It's not quite "Revenge of the Nerds," but it still might make a good movie: "Attack of the Unpaid Interns."
Former interns for the 2010 movie "Black Swan" have brought a class-action lawsuit against Fox Searchlight Pictures and units of Fox Entertainment Group. They are demanding back pay, damages and a court order prohibiting the studio from using unpaid interns. A win for the plaintiffs could bring down the long-standing and widespread movie industry practice of exploiting lowly assistants who, for the sake of experience and job contacts, are willing to work for free.
Eric Glatt is a lead plaintiff in the suit. As a Sunday L.A. Times story reported, Glatt traded a $95,000-a-year insurance company desk job for an internship with "Black Swan" director Darren Aronofsky in which he ran errands to procure scented candles, a hypoallergenic pillow and the perfect tea for the director. Apparently, diligent performance of these menial tasks did not open up doors in Hollywood for Glatt.
The lawsuit turns on a provision of the Fair Labor Standards Act that stipulates unpaid internships must be of more benefit to the intern than to the employer. That is an interesting point of contention. It is true that many successful players in the film industry got their start as unpaid minions -- buttressing the studio's insistence that the internships do pay off down the line. But it is also true that much of the work the interns perform -- filling gas tanks, fetching lunch, manning copying machines -- has mostly to do with serving the whims of the boss.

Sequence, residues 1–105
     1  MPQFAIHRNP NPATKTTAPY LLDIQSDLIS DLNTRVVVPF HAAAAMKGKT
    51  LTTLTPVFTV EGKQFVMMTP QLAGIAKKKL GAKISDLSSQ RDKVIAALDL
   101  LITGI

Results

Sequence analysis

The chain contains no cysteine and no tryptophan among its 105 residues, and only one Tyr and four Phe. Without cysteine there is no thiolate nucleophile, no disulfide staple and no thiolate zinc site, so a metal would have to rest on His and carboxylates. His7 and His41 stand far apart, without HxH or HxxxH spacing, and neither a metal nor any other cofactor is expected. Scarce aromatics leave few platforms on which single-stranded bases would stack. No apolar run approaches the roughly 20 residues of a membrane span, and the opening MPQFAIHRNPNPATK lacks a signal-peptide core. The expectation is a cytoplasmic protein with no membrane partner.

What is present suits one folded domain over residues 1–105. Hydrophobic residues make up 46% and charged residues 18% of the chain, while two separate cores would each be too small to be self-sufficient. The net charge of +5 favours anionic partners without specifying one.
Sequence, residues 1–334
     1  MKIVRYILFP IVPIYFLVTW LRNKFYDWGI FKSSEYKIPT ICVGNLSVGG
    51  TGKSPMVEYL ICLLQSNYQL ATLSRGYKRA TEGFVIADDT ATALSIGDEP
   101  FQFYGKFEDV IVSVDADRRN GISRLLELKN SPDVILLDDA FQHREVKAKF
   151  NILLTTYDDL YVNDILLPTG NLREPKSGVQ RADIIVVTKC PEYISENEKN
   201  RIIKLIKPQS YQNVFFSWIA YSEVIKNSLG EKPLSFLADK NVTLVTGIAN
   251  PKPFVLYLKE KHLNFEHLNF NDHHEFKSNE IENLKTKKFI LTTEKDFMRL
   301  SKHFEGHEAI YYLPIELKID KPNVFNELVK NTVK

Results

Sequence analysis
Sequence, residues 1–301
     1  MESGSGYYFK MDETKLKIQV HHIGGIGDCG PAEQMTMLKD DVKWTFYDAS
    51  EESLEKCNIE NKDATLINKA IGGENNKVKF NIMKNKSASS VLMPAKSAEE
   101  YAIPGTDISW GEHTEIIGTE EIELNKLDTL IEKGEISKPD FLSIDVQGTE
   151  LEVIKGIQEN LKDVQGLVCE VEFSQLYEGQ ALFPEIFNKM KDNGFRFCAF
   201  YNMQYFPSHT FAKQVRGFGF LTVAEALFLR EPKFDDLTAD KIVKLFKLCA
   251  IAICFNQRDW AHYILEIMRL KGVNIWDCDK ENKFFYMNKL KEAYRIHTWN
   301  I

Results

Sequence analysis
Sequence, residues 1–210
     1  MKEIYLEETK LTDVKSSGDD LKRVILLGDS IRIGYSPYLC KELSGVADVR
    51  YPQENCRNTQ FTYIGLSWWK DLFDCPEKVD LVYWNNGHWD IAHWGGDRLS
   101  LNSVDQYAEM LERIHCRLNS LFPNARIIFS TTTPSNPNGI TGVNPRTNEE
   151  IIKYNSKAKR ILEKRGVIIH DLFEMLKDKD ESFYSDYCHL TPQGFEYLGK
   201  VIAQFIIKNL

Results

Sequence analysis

Back in the mid-1970s, when I was in college, I had two newspaper internships. My duties were directly related to journalism. The newspapers benefited because they got my work product, raw as it may have been, but I benefited even more. For one of the internships, I received academic credit. Both were key experiences that led to my first job and all that has happened since.
For both internships, I got paid -- not a great amount, but enough to keep me afloat financially and make me feel like I was worth something.
These days, that is far less common. As students have gotten more desperate in their search for jobs, employers have gotten cheaper. Hollywood studios and production companies are hardly alone in this. Annually, about half a million interns work without pay, allowing American businesses to save hundreds of millions of dollars, according to one researcher. Even if this works out well for some of the interns, it still is a raw deal and would seem to favor young people from affluent families who can afford to work without compensation.